One crucial indicator used by investment portfolio managers is the so-called Sharpe Ratio.
This indicates the relationship between potential risk, measured by the price volatility of a given asset, and the expected return on investment. In short, the Sharpe Ratio helps investors determine whether the fund manager is taking the appropriate risk in relation to expected return on investment.
The higher the Sharpe value the better, as it suggests a higher assumed return in relation to a certain level of risk.
Now for the most interesting part: we can improve our ratio by adding uncorrelated assets to our portfolio, even if they are very high risk.
Let’s return to our example portfolio, which was virtually based entirely on assets strongly connected to crude oil. If we added uncorrelated assets to our portfolio, for example, shares in transport companies (which may even grow from lower oil prices), our portfolio would be more diversified and would probably lose less in value.
We all know that cryptocurrencies are an extremely risky investment, but the most interesting feature of this market is its correlation coefficient with the traditional financial market.
As we can see, all the cryptocurrencies listed on the above table are closely related (with a factor of above 0.5). At the bottom, we see “traditional” financial instruments that serve as a benchmark for the entire capital market.
For clarification, SPX means S&P 500 index, VIX is the market Volatility Index (colloquially referred to as the “fear index”), GLD broadly stands for the gold market, and TNX means yield on 10-year US bonds.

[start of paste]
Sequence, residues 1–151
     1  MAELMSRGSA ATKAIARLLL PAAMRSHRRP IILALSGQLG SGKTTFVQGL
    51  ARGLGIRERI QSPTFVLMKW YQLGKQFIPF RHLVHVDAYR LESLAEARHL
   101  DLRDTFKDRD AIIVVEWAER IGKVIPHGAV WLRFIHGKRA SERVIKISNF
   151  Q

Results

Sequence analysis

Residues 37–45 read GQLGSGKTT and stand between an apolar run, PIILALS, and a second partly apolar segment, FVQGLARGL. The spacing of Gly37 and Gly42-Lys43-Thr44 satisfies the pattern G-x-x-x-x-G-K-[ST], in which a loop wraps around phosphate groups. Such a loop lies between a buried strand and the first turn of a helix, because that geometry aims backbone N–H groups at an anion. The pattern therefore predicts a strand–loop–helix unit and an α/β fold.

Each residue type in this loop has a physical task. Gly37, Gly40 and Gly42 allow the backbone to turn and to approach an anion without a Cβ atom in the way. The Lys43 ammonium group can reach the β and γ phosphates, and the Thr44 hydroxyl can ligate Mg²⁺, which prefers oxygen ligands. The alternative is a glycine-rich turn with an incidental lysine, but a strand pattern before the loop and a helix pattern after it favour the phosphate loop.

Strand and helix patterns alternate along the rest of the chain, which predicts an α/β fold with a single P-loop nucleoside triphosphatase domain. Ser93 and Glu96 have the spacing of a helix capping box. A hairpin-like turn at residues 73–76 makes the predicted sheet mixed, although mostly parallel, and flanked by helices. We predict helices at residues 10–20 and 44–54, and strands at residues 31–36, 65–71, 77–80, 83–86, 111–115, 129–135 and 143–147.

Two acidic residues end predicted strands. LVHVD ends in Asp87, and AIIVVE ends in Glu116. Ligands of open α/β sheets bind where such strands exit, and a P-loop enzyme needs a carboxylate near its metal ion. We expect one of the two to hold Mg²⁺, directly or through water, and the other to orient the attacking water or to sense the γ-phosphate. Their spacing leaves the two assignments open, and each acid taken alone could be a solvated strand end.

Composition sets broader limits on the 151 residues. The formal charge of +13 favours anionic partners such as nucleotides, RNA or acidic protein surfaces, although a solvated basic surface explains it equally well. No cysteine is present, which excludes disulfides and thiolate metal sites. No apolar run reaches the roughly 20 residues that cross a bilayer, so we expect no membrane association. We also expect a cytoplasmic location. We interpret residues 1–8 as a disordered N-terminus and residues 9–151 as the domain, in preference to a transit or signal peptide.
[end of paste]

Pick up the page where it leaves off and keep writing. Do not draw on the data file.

In all 4 cases, we see that the correlation with the cryptocurrency market over the last year fluctuates at around zero or is even negative!
This is key mathematical proof of a lack of a correlation between the financial market and the crypto market!
The efforts of investment fund managers to raise their Sharpe Ratio will lead them to add cryptocurrencies to their investment portfolios, even though they might not fully understand the technology itself or its potential capabilities in the future. For them, only historical statistics of this market’s correlation with traditional investment tools matter.
As I have already mentioned, their investment decisions are made on the basis of formulas and statistical models and not on hunches or a desire for quick profits.
In my opinion, this is the biggest factor that will attract big institutional money to the cryptocurrency market, which, as a result of the deflationary nature of cryptocurrencies and the hyperinflationary nature of fiat currencies at 99%, must lead to higher prices eventually.
Therefore, it’s a question of “when” rather than “if.”
So, if you believe in the development of this technology and you have kept the faith up until now, and if you are a real investor, I have only one message for you… HODL!
By Piotr Wojdat, Memorandum.Capital’s head of Due Diligence.